Most accounts of Wesley I’ve heard in Methodist churches set him up as the sanctified, theologian who worked harder than anyone you’ve ever heard to spread the Good news of Jesus and call people to scriptural holiness. He is put on a pedestal as an example. The problem is that the pedestal tends to be too high to see any of his flaws. But, there is power in flaws. The power for us to not only see an example, but identify our struggles with someone who has gone before. It is often through this sort of identification that we open ourselves up to be taught by those who are placed on pillars.
As it turns out, John Wesley was not perfect. What’s more he was human. In his younger years, he set out on a great adventure to go to the Colonies (Georgia in particular) and do his best to get back to the roots of Christianity and do ministry like he saw in the book of Acts. When he arrived, a new friend introduced him to a beautiful young woman named Sophy Hopkey who was related to a powerful local magistrate.
They hit it off immediately, but she left to go visit a relative in another town. After a while, John went to visit her and found that her spirituality had slipped. Then, he made a gamble that showed how much he cared for Ms. Hopkey: he told her. He pointed out exactly how she had slipped and implored her to move back to the city that encouraged her spirituality: the city in which John lived. She did.
Once there she even consulted a friend as to what a woman should wear to attract a minister who disliked “all gaudy attire.” She wore white from that point forward.
Over the next several months they spent hours together doing the sorts of things people did who were falling in love, and she even sat with John during a five-day long fever nursing him back to health.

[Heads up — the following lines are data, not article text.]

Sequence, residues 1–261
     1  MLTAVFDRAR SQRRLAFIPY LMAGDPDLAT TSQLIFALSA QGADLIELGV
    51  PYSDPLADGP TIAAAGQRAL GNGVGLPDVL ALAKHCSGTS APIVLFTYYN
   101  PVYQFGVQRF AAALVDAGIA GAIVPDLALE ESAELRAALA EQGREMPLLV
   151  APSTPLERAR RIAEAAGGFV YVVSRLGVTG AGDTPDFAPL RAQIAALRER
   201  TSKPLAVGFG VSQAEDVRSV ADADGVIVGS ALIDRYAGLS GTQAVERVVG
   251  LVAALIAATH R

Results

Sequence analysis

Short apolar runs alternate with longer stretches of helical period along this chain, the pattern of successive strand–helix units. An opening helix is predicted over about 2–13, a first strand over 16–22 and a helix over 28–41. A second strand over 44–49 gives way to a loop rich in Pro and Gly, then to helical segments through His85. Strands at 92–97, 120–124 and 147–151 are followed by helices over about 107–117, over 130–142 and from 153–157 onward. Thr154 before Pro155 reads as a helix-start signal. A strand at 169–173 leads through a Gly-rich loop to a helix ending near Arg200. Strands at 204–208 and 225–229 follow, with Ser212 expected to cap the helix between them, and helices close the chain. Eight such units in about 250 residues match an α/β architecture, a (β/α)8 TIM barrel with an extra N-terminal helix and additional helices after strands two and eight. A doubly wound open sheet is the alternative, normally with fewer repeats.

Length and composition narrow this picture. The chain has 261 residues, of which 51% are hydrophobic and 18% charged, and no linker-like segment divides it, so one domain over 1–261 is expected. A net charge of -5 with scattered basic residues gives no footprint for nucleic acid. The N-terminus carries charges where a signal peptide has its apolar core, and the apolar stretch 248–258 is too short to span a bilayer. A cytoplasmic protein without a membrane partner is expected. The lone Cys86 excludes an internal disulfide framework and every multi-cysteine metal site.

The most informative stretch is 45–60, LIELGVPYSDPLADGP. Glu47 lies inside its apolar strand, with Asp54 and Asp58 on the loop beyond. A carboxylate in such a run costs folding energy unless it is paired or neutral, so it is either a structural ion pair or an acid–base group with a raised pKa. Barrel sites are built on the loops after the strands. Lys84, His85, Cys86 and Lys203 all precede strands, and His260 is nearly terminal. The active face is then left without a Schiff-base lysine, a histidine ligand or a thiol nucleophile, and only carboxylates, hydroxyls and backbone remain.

John was ready. He wanted to pop the question, but decided to consult a board of church elders to make sure he wasn’t getting ahead of himself. After some deliberation, the board told John that he was not to marry Miss Sophy. As far as I can tell, modern Americans would say that he was crushed, but he obeyed. Sophy was equally hurt.
John was caught by surprise about a month later when Sophy Married a Mr Williamson whom John described in is journal as “not remarkable for handsomeness, neither for greatness, neither for wit, or knowledge, or sense, and least of all for religion.” I know exactly how he feels.
Poor John did not get over it easily. Under what seems like an excuse to get back at Sophie, John refused to serve her communion. Because she was not just your average colonist, John ended up being brought up on charges and eventually skipped town for England shortly after the local officials told all the officers of the colony to prevent his departure.
What a tragic story, yet it is not for from the stories youthpastors, teachers and parents hear week after week from teens and young adults navigating the waters of dating or courting or whatever your church calls it.
Why tell this story? Because John did amazing things. He had brilliant ideas, and made a huge impact in the world. He did all of that despite a heart that was broken. He made it through and came out whole on the other side. There it light at the end of the tunnel.
I say, we take the words of Corinthians (11:30) one step further. We boast not only in our weakness but in the weaknesses of our founders and theologians. And who knows, maybe that boasting will help us take those people off their pillars and re-direct our focus to the God who changed the world through those broken people.
If you want to read an EXTREMELY detailed account from people who really love Wesley, it is here.
Jeremy Steele has been working in youth ministry for the past sixteen years and now serves as the Next Generation Minister at Christ United Methodist Church in Mobile, AL. He writes for Group Magazine, RETHINK Church and various publications and organizations. You can find a link to all the places he contributes on his website at JeremyWords.com.